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The Canadian discount is growing. The loonie sank even further below 70 cents U.S. on Thursday as economic uncertainty roils global markets. With Bay Street’s targets changing by the day, the federal finance minister fessed up that Ottawa is only a witness to the currency’s moves.
“Canadians are more negative on the outlook for their economy and the world economy than probably anyone on the planet,” Jonathan Golub, Chief U.S. Equity Strategist, RBC Capital Markets, told BNN. “I think the negativity is probably a buying opportunity.”
And as pressure rains down on the Canadian economy, the odds of a rate cut next week are growing. Investors are pricing in almost a 50-percent probability that Stephen Poloz will ramp up stimulus on January 20th. That’s up from just a 26% chance at the start of the week.
On Thursday, the loonie landed at 69.65 cents US, at the Bank of Canada close at 4 p.m. ET. And on Wednesday, the Canadian dollar closed below 70 cents for the first time since 2003 as plunging oil prices and global economic fears hammered world markets again.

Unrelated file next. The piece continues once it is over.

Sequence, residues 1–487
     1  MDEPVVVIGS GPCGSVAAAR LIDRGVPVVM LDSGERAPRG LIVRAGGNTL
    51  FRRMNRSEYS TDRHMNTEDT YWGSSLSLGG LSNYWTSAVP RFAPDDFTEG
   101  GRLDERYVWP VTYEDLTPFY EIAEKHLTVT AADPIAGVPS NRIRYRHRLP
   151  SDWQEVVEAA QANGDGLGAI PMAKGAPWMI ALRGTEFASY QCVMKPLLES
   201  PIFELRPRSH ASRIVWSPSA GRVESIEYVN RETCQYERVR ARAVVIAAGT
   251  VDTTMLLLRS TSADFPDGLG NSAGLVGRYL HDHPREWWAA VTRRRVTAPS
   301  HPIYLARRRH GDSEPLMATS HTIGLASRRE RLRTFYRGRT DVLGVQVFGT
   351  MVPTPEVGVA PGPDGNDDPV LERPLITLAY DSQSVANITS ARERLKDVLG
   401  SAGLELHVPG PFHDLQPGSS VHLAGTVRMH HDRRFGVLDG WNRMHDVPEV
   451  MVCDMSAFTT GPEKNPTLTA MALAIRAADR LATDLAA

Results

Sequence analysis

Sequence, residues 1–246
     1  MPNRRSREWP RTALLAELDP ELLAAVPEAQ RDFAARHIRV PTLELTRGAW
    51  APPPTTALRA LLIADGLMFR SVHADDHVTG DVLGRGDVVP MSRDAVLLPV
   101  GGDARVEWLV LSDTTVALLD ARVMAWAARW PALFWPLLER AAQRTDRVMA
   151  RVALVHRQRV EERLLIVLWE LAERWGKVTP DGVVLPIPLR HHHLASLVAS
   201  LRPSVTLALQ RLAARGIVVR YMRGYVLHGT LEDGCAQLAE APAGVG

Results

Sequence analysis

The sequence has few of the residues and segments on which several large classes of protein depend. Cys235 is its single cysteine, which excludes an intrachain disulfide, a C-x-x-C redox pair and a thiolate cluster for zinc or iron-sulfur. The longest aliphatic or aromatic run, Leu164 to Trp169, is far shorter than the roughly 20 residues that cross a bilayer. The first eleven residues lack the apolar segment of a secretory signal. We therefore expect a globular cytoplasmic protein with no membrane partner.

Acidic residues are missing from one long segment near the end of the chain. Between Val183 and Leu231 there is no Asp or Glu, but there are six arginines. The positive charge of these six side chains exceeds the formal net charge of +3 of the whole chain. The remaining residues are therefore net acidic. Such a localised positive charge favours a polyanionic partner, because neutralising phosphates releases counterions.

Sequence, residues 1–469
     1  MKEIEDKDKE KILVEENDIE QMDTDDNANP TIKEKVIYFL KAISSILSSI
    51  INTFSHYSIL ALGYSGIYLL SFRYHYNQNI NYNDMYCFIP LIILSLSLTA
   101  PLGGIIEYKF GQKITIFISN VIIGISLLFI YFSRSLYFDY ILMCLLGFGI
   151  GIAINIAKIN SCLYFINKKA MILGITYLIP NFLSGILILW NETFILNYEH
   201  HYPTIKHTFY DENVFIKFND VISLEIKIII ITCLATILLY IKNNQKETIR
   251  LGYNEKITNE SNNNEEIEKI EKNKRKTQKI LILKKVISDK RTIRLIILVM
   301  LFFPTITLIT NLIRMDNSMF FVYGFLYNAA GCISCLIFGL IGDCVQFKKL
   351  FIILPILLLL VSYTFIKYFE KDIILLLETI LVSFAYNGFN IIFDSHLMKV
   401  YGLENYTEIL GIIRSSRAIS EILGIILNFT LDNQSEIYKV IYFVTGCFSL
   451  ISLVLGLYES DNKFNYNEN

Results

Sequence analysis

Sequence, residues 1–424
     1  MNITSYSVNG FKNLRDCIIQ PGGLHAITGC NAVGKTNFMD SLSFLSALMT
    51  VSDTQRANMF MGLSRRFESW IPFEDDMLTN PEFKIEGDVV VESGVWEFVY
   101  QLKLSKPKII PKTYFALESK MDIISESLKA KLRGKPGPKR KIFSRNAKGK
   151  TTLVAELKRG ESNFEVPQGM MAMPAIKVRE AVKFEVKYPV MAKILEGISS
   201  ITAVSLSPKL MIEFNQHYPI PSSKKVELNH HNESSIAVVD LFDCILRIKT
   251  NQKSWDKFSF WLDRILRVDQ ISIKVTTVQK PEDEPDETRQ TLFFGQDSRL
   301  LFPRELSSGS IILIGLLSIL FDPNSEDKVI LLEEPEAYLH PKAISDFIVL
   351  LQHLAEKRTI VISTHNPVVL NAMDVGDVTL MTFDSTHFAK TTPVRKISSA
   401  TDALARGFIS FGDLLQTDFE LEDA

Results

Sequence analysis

“We are playing close attention to the state of the Canadian dollar,” federal Finance Minister Bill Morneau said at a news conference shortly after the Bank of Canada close on Wednesday. “I believe there are opportunities … there are also challenges.”
He did admit that the level of the currency is “not in our control.”
Sid Mokhtari, a technical analyst at CIBC Capital Markets says he's seen the relationship between plunging oil prices and the loonie grow stronger in recent weeks -- a trend he believes could push the currency lower.
"I really think there is a good chance that we will pierce that [70 cent U.S. level], and in a sustainable way, go lower," he told BNN.
Colin Cieszynski, chief market strategist at CMC Markets, says the 70-cent mark constitutes a “pretty significant psychological hurdle.”
Cieszynski says the loonie’s “relentless drive lower” has been motivated primarily by falling oil prices — and their potential implications for monetary policy.
“There’s been a lot of growing speculation that the Bank of Canada’s governor [Stephen] Poloz could kick off 2016 with a rate cut the same way he did in 2015,” he said.
“There’s a lot of concerns that the falling oil price could lead to more layoffs in the oil sector and deepen the recession that we’re seeing in the oilpatch, so there is a growing possibility of that, although up until now he’s been more content to let the falling loonie do a lot of the stimulus work for him.”